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Clearhouse aims for government

Clearhouse aims for government

PC refurbishment and recycling company, Clearhouse, is on an aggressive expansion campaign to capitalise on the need for IT asset disposal services.

Director, Tony Nestola, said it was setting up a government division to address asset removal services in the public sector. The decision was prompted by its first two government contract wins, which had both been inked in the past three months.

A 12-month tender will see Clearhouse dispose of 11,000 units with Australia Post to coincide with a PC rollout. Nestola said he was hopeful of extending the terms of the contract. The company had also secured a 12-month deal with Melbourne City Council to take care of 5000 pieces of IT equipment.

"We are also working on winning an entire state government contract for recycling and disposal of assets," he said.

As a result, the company was now looking for a new staff member to head up the government division.

It would also be hiring an additional five employees to assist with processing and testing for its larger warehouse in Port Melbourne, Victoria. The new location would see its space increase from 1000sqm to 5000sqm. The move was expected to take place before Christmas.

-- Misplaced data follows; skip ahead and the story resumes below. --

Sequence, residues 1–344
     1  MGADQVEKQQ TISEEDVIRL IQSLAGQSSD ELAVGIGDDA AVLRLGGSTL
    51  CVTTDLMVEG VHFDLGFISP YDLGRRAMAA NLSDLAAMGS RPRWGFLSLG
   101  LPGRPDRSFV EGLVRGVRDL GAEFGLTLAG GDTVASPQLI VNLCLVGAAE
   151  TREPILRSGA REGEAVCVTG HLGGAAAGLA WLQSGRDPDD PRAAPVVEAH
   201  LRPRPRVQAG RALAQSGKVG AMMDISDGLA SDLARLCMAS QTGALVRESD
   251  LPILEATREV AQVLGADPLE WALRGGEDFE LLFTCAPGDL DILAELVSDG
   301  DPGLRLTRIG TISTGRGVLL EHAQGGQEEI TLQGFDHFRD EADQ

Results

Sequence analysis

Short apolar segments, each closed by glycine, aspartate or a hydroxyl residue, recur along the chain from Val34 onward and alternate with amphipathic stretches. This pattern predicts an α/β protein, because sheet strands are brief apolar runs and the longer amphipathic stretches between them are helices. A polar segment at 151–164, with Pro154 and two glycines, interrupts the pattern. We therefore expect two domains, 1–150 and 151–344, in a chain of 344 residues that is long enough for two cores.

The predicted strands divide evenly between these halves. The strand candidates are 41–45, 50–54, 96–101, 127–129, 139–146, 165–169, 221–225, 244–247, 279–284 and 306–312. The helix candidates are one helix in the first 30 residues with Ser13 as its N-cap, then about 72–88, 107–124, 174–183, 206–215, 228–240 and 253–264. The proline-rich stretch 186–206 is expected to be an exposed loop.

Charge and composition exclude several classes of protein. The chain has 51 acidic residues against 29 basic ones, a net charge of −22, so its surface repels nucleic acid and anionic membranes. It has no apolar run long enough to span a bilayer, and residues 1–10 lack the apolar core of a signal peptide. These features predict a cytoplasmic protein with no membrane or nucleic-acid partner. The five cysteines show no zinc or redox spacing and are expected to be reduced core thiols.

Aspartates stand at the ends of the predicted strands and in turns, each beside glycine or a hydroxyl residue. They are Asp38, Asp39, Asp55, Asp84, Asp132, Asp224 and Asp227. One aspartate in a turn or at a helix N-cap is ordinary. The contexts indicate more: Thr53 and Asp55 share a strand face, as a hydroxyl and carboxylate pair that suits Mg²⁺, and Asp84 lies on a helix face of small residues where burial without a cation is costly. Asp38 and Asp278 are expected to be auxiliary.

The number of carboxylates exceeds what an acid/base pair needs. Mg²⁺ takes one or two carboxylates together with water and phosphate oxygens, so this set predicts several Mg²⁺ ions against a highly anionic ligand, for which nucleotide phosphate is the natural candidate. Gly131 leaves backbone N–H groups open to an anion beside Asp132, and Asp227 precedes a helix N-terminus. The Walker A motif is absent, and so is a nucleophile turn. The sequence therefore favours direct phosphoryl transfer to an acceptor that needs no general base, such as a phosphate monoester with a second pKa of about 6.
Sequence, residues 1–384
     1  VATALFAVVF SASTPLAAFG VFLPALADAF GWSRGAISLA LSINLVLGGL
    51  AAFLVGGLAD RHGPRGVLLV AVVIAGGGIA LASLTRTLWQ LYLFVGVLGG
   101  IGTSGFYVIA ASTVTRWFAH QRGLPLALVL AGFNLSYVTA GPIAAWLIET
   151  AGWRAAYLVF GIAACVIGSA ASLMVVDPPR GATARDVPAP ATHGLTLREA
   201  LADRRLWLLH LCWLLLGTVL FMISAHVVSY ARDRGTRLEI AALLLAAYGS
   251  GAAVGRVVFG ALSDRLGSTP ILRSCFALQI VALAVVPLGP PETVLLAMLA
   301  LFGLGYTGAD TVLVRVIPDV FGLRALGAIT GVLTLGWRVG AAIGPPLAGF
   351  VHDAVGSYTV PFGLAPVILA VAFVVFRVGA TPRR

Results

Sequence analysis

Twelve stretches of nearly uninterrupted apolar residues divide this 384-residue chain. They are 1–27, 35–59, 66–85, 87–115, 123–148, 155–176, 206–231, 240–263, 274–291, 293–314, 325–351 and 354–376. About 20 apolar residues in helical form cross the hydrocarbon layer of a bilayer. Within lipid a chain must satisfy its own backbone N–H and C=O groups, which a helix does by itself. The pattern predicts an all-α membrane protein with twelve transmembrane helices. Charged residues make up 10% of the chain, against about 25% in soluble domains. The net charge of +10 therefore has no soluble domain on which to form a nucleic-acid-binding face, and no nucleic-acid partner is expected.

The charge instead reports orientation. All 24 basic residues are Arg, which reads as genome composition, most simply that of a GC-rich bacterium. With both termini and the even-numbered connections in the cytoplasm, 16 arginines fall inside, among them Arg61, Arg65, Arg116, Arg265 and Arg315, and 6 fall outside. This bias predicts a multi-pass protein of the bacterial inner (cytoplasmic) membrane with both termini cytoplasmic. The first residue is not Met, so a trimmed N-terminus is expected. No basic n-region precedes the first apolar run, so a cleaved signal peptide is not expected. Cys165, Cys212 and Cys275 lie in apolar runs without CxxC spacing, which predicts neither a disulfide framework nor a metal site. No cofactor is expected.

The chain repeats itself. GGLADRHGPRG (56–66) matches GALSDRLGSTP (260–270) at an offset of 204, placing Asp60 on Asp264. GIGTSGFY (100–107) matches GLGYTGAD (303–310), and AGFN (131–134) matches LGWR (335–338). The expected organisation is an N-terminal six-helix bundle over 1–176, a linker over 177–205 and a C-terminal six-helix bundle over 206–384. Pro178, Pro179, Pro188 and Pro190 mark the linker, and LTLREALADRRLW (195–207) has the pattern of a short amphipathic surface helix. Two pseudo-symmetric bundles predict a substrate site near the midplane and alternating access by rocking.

Clearhouse was established two years ago to provide refurbishment, recycling and marketing services for used IT equipment including PCs, monitors and general IT hardware. The company was founded by former Volante staffers, Tony Nestola and Glenn Reid. Nestola said it had experienced a strong second year, processing about 85,000 units. Some of these were refurbished and sent to developing countries, while others were recycled.

He attributed the growth to more organisations recognising the need for an asset disposal strategy. Many had also chosen to move away from leasing IT equipment due to the burden of returning stock and the hefty fees associated with it, Nestola said.

A partnership with recycling agent, Sims Group, had also been established to help corporates meet recycling requirements. The ethical component [of asset disposal] is also coming into it with recycling," Nestola said. "They can't just throw IT equipment in the bin, so we're helping them to plan their disposal strategy."

Clearhouse was also planning more partnerships with large integrators to boost sales, he said. New deals would be announced shortly.


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